Sophie's digital presence was developed alongside her physical and verbal manifestation: selfies were snapped outside her favourite retail outlets on her lunch break and the images posted on a newly constructed Facebook page. Creating a digital homepage for an imagined person, but one who also has the capacity for three dimensional, real time 'liveness' in performance, marked a curious stage in my understanding of, and belief in, Sophie. Presence in live performance can simply refer to 'temporal and spatial proximity between performer and audience' whereas digital, intermedial theatre complicates this presumption as the presence constructed is 'beyond physical proximity', reasons Russell Fewster (2010). Fewster goes on to say that social media presence is 'defined by participation, rather than shared physical or even temporal space' (in Bay-Cheng et al., 2010: 47). This subtle, transitional shift led us to forget momentarily that we as artists were perpetrating the character's existence in the first place, asking each other for 'her' birthday date, and the next day half expecting another Facebook comment to appear without our help.

Sophie's online status was updated in 'real' terms (posting her status 'At work, having ham sandwich') and later in the process, when her day dreams tickled the truth, in terms that used exaggeration or outright lies such as when she imagines playing a beautiful Philip Glass concerto on her computer keyboard whilst a complaining customer is put on hold (then posting 'Just got my Grade 8 in piano'). As an external directorial prompt, I improvised the voice of an impatient phone customer, or perhaps it was an anxious voice in her head, bombarding Sophie with social media type profile questions such as 'What's your job title? How long have you worked here? What are your hobbies? Where do you want to be in 5 years time? How many likes have you had today?' This triggered the character's frustration further, bullying her into inadequate replies and increasing bewilderment. The provocations led to a scene at home where Sophie is drying up kitchen utensils and cooking popcorn but begins to demonstrate the objects as if they are her own designs for NASA funded self-defence equipment, explaining to the audience what each item can do in a war situation or in the event of a nuclear attack.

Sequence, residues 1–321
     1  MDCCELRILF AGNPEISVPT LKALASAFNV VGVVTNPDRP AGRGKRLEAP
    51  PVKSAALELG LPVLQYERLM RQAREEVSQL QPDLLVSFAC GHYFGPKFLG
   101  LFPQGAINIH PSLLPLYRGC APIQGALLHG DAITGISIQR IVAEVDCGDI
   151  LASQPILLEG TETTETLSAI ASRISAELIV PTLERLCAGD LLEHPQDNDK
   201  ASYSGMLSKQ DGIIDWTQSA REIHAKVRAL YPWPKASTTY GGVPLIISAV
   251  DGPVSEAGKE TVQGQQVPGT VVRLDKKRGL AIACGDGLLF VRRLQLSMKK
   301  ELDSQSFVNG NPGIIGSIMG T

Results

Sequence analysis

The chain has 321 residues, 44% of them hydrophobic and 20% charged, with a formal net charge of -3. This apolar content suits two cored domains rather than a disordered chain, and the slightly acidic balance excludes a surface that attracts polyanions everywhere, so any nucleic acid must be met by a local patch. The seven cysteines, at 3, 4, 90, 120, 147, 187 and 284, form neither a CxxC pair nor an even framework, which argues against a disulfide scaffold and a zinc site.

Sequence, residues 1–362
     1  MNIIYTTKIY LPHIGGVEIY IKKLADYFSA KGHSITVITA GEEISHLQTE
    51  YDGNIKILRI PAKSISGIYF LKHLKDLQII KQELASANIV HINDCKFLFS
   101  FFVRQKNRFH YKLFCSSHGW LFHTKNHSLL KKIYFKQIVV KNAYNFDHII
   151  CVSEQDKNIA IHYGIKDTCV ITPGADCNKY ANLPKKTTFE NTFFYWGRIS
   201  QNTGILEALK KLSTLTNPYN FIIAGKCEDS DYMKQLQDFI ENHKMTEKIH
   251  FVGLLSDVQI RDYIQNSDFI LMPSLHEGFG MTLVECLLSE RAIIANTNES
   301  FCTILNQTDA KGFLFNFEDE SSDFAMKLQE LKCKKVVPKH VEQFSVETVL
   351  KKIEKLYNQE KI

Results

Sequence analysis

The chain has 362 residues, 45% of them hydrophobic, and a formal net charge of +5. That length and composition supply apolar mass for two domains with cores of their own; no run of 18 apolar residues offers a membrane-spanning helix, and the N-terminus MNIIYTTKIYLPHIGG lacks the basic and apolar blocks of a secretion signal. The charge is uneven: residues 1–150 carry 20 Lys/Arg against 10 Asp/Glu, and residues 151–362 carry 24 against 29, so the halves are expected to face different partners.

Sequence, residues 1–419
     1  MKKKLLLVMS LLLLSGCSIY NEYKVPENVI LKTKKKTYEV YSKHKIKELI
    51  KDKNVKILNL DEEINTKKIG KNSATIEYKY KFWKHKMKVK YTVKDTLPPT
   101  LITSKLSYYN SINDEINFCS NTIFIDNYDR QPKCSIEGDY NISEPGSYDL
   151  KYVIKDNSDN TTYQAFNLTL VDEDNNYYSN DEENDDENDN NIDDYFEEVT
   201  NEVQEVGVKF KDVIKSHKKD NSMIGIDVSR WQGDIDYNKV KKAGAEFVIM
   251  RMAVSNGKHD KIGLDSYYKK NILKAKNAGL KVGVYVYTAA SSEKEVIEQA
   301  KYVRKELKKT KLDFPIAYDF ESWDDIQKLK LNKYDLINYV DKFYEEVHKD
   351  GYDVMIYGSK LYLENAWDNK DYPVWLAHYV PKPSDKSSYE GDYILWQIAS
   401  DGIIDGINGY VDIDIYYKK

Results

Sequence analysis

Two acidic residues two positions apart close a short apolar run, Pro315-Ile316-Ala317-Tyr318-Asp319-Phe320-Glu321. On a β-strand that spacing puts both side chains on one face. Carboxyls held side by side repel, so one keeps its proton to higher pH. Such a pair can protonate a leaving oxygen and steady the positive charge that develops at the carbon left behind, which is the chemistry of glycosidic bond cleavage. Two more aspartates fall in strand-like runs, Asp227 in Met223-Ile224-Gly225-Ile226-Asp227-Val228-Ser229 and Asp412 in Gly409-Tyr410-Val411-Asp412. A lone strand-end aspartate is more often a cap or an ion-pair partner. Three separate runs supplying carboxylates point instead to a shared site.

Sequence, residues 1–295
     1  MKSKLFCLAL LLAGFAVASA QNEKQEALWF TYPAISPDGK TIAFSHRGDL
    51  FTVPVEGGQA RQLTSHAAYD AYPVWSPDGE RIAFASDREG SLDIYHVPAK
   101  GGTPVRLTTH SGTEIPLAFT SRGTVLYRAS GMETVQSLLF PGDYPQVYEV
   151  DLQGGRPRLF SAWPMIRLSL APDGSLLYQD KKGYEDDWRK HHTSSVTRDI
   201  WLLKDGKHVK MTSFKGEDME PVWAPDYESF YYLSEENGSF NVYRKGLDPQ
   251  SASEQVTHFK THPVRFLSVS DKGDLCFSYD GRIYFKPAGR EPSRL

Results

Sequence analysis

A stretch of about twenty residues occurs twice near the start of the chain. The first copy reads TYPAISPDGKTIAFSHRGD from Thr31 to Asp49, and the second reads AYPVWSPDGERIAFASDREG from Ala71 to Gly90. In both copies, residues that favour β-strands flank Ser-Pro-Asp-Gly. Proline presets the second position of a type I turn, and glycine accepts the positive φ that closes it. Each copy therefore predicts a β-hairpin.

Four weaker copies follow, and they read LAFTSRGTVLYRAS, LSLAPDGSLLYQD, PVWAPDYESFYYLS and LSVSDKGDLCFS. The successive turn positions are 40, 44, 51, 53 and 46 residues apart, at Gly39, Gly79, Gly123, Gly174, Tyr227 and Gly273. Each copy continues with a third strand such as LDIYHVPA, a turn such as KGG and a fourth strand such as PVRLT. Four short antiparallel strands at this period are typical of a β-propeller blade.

It was at this point in the process that Sophie's yearning to take a radical imaginative leap became convincing and that desire provided substance with which to enter the virtual world. Sophie spoke with detailed, scientific calm about her inventions, willing us - myself in research / rehearsal and later the audience in live performance - to believe the nonsense because she herself appeared to believe it, in that moment. The suspension of disbelief works because we want to escape with her into the fantasy, to support her raised ambitions, her unlikely Nietzschean 'will to power' [3]. So when these inventions, a metal soup ladle or a saucepan, were shown in Chatroulette rooms at strange angles and reported by Sophie to be part of bioscientific research, there was already an investment in their authenticity for us as theatre makers, and later, for the audience (see Figures 2 and 3). The 'passion for the Real' (Zižek, 2002:5) became a common motivator: the scientist persona wanting this to be an important display of actual government funded special equipment. Certain intrigued Chatroulette players believed her to be undertaking 'really interesting work' in her lab, as Z, a female player from the Ukraine typed into the conversation.